Windmills, Wild Tulips and Wall Poems

SGMT | Leiden | Windmill | Molen de Valk.
Leiden is a bit like Amsterdam Lite. Canals – check. Architecture – check. Windmills – check. There’s even one just a few minutes’ walk from the train station.

But the city possesses an identity of its own. It’s known for being the birthplace of Rembrandt — and, quite more recently, Armin van Buuren — and is home to the Netherlands’ oldest university. Einstein and Enrico Fermi walked these streets; university alumni include the current king. Wild tulips grow between the road and the water. Poems fill the walls.

We were in Leiden for just over 24 hours, majority of which were spent either sleeping or on an excursion to Keukenhof. A claim to intimacy is therefore out of the question. But for what was in truth intended as a mere stopover between Amsterdam and Paris, Leiden generously showed us its best face.

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SGMT | Leiden | Canals

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SGMT | Leiden | Boat in sunrise

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SGMT | Leiden | Tulips by the river

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SGMT | Leiden | Tulips and windmills

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SGMT | Leiden | Boats and buildings

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SGMT | Leiden | Canals

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SGMT | Leiden | Windmills | Architecture

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SGMT | Leiden | Wall poems

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SGMT | Leiden | Graffiti | Darth Vader dark side coffee

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SGMT | Leiden | Graffiti

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SGMT | Leiden | Church | Architecture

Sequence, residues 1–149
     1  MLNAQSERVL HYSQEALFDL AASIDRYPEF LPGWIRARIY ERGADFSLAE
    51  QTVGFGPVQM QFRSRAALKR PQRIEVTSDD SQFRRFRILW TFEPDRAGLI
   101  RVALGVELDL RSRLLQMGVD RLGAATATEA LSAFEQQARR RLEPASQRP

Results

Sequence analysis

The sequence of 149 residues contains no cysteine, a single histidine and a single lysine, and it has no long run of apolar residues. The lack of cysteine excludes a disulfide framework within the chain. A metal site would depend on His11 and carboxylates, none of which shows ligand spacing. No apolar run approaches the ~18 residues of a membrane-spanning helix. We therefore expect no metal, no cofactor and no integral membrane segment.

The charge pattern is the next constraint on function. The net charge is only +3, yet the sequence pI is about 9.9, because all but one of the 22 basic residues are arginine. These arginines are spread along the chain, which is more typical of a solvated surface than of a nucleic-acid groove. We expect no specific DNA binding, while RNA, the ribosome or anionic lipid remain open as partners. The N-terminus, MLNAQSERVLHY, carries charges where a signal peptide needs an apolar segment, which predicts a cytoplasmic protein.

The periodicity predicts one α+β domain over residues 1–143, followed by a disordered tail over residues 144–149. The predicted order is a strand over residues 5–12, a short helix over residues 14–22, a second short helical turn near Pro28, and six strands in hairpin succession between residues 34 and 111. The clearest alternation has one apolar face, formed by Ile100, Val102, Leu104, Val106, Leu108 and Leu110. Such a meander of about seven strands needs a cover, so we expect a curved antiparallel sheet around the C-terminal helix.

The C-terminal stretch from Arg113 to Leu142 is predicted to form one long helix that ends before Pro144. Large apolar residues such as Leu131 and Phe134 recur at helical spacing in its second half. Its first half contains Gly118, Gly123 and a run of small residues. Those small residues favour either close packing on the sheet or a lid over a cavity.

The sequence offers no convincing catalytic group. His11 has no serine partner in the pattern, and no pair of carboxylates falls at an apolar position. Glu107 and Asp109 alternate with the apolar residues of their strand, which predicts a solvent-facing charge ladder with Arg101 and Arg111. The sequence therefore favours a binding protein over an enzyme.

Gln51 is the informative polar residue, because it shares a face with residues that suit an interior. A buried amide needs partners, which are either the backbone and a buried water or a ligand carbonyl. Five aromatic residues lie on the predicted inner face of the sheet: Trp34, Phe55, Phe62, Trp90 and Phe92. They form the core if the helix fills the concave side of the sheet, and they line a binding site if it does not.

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SGMT | Leiden | Beestenmarkt | Architecture | Boats

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Quick Guide to Leiden

  • How to get to Leiden from Amsterdam: Take a train from Amsterdam Centraal. More details here: The Train to Leiden.
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  • Where to stay: We found the Hotel Mayflower surprisingly wonderful. I say “surprisingly” because it doesn’t have the most stellar reviews but we were quite happy with our stay there. More details in a separate post soon.
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  • What to see and do: We only made a passing acquaintance with the city so I’m not really an expert on this but, for what it’s worth, the photos above were taken during an early morning walk. We chose our route at random but we eventually did a sort of circle that started and ended at Beestenmarkt, where Hotel Mayflower is located, first going through the area around Molen de Valk, finding our way to Marekerk, then down Haarlemmerstraat. The wall poem pictured above is beside the Haarlemmerstraat H&M. I belatedly discovered this site that has walking guides that would have been perfect, though. Don’t download the app — just note the stops and search for them in Google Maps. Read the descriptions of each stop and, if you have time, read more about them online.
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  • Where to find rice: 😀 Yes, that is seriously a thing if you have a young picky eater with you who’s used to eating rice. On the way from the train station to Hotel Mayflower, there’s a Thai restaurant that sells rice (you can take away) on the left side of the road. And if said picky eater looks for fried chicken, there’s chicken fingers at the Chicken Way just across the road from the hotel.

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SGMT | Leiden | Molen de Valk

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5 thoughts on “Windmills, Wild Tulips and Wall Poems”

  • Bright photos, well organized post and surprise photo with moving windmill (how?). The post is written in an informative style, but light and it feels personal. This part of Europe interests me, and I wonder how expensive you are finding the trip. I also wonder about interactions with locals ie easy, welcoming, memorable? I like you don’t try to fit everything into one post but break it into what i call digestible chunks. Very smooth post, like a lot

    • Thank you! The moving windmill is a GIF, which you can create out of a video. The trip was quite expensive — for example, a typical meal would cost around 5x as much as it would at home — but overall worth it because I was with family.

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